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What Signs Indicate Your Child Has ADHD?

Adolescence, as any parent of a pre-teen or teenager knows, is no walk in the park; it's a roller coaster ride of changes - emotional, physical and social. Not quite finished with childhood yet not quite ready for adulthood, your adolescent needs your help in navigating this unfamiliar terrain. But adolescence can sometimes be as confusing for parents as it is for their kids. Consider the following scenarios:

"Your daughter is supposed to be doing her math homework but for the third time in less than half an hour, she's found an excuse to stop working. First she had to sharpen a collection of pencils, then she insisted she needed a snack, and now she's rooting through her backpack in search of the assignment notebook she lost last week.

"The popcorn is made, the sofa cushions are plumped up and everyone in the family has settled in to watch a video -- everyone except your son. After fidgeting and squirming through the first few minutes, he insists he feels too restless to sit still. He races up the stairs to his room, only to return shortly afterward to ask a barrage of questions about what he's missed.

"Your child's teacher has requested a conference to discuss behavior problems. Now in middle school, your child still has a hard time waiting his turn. He blurts out answers before the teacher has finished asking the questions, and he consistently interrupts others."

What's going on with these kids? Is such a lack of focus, restlessness or impulsiveness "normal" for adolescents? Or could these behaviors be the result of ADHD?

Attention deficit hyperactivity disorder (ADHD) is the most commonly diagnosed behavioral disorder in children and adolescents, affecting an estimated 3 to 7 of every 100 school-aged children. Although ADHD may be diagnosed and treated during a child's elementary school years, up to 66 percent of children with ADHD will continue to exhibit symptoms into adolescence. Still, it's not always recognized as a behavioral disorder because almost everyone (and arguably, adolescents in particular) can be fidgety, restless, impulsive and inattentive at times.

So what determines whether certain behaviors are signs of ADHD or simply part and parcel of adolescence? It's largely a matter of frequency - if the behaviors are exhibited more often than just "at times" - and whether the behaviors are developmentally inappropriate. For those of us who aren't clinicians, determining what's "developmentally inappropriate" can be tough. But ask yourself:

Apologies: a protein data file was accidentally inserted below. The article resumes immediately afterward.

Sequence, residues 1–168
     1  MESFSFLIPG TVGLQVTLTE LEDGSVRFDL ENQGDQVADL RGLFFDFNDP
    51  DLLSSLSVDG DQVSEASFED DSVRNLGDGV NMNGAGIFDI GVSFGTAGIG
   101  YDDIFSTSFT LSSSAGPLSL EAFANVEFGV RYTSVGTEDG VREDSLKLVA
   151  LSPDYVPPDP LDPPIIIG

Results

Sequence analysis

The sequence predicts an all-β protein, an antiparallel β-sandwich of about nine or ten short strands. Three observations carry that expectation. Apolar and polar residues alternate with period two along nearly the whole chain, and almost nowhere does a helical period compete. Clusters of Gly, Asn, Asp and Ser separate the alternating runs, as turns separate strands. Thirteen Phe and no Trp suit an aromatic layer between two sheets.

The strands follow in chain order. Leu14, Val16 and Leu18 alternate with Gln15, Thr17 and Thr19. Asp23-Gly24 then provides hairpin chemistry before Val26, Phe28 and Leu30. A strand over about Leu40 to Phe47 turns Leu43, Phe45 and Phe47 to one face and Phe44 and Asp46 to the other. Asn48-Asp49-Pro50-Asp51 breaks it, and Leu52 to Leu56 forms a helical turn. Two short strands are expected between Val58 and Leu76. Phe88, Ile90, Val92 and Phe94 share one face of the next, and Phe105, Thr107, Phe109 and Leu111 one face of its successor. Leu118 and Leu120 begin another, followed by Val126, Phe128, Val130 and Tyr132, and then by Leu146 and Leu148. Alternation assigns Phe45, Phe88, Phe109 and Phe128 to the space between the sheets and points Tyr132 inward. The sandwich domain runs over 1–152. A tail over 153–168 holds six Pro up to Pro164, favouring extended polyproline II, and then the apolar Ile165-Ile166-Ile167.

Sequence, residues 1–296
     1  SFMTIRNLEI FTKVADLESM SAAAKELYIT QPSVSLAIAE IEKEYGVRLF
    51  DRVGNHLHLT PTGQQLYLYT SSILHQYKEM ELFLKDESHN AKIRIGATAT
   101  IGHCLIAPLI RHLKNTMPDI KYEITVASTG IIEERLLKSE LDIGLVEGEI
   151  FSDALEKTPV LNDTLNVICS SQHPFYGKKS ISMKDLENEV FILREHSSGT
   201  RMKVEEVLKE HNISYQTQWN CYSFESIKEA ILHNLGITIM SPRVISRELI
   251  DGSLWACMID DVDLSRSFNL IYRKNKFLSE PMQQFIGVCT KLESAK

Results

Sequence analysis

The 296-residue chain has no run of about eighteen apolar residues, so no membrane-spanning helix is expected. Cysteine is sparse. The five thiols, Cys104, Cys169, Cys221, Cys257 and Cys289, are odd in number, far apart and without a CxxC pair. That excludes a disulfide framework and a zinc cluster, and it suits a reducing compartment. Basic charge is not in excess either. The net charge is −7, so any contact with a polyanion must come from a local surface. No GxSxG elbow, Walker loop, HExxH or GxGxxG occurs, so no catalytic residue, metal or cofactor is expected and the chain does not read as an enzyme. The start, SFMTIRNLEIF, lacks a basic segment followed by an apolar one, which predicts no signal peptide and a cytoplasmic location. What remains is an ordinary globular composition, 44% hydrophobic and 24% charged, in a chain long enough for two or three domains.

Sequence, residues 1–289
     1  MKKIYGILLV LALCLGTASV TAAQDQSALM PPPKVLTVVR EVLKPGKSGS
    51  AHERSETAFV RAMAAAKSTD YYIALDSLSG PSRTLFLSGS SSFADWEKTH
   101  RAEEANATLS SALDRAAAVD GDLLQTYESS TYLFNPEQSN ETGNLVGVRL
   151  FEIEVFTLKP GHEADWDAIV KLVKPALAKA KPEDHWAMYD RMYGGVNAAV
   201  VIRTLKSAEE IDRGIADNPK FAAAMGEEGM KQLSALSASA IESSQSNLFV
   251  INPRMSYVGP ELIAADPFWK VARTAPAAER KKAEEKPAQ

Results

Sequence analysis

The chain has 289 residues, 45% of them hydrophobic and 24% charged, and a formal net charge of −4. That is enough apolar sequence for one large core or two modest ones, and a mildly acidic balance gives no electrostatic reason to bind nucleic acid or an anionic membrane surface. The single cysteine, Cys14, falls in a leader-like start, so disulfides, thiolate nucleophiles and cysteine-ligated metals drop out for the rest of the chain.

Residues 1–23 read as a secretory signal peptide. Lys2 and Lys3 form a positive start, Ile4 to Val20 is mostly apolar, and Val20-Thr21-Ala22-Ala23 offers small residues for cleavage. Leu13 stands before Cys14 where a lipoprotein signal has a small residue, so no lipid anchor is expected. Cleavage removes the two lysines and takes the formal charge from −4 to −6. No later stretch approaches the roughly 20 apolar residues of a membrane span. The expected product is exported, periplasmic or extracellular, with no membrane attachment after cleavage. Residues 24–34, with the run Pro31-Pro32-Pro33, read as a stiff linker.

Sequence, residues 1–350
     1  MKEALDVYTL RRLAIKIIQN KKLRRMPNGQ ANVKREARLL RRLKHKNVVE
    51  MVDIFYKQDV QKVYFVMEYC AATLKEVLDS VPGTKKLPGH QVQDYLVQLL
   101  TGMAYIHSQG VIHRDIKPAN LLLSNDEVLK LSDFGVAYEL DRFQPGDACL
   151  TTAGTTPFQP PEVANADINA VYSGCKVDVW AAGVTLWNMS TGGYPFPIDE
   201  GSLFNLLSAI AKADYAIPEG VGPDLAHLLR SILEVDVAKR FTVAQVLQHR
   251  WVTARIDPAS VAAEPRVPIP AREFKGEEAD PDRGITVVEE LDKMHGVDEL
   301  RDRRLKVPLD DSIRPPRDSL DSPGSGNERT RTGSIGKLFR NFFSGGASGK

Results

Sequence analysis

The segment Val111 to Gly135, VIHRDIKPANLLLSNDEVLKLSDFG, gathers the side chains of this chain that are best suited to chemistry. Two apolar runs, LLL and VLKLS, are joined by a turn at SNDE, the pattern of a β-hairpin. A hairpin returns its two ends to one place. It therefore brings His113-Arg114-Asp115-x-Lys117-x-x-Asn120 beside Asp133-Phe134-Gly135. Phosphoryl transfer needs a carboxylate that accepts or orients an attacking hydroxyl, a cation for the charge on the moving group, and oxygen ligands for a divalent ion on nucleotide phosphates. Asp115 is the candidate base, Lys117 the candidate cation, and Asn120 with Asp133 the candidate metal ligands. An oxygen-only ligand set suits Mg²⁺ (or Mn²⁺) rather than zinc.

"ADHD is one of the most common mental disorders among children. It affects 3-5% of all children, perhaps as many as 2 million American children." from National Institute of Mental Health, NIH publication No. 96-3572.

Does your child daydream more than others her age?

Is he more forgetful or disorganized than his peers?

Does she seem to have more uncontrolled energy than her friends?

Is he always losing things?

Has the teacher complained that your child is struggling academically, or that she pays more attention to the birds outside the window than to her schoolwork?

Is he socially withdrawn, or does he behave aggressively?

ADHD varies among individuals, so not all kids with ADHD exhibit the same symptoms. In fact, a misconception about the disorder is that every child with ADHD is "hyper." Actually, as many as one-fourth of children with ADHD have a subtype of the disorder known as Predominantly Inattentive ADHD, which does not include hyperactivity as one of the primary symptoms. Remember, too, that depression, excess stress or anxiety, and certain types of learning disabilities may cause symptoms similar to those exhibited with ADHD.

But if the above signs seem the rule for your teen rather than the exception, it's a good idea to seek a professional evaluation. Left undiagnosed and untreated, adolescents with ADHD generally perform below their ability in school, primarily because they are easily distracted, disorganized and inattentive. Adolescents with ADHD also tend to be more withdrawn and less communicative, which impairs their social development.

They are more impulsive, reacting to situations without considering the consequences and without regard to previous plans or obligations. This impulsivity can lead to what seems like risk-taking behavior, such as cutting school or experimenting with drugs or alcohol. (While this behavior is certainly risky, the adolescent isn't necessarily a risk taker; he simply has trouble controlling impulses and anticipating consequences.)

Having ADHD has been likened to being put in a dark room where the floor is littered with objects. Everyone else who enters the room has a flashlight and can get around just fine, but your ADHD child has to make his way in the dark, tripping over the objects on the floor until he finally determines where everything is. And then, just when he's learned the layout of the room, he's moved to a new dark room and has to start the process all over again.

Determining if your child has ADHD requires a comprehensive evaluation by a healthcare professional. There is no single test for diagnosing ADHD; it can be a long process, but the first step is often your recognizing the signs.

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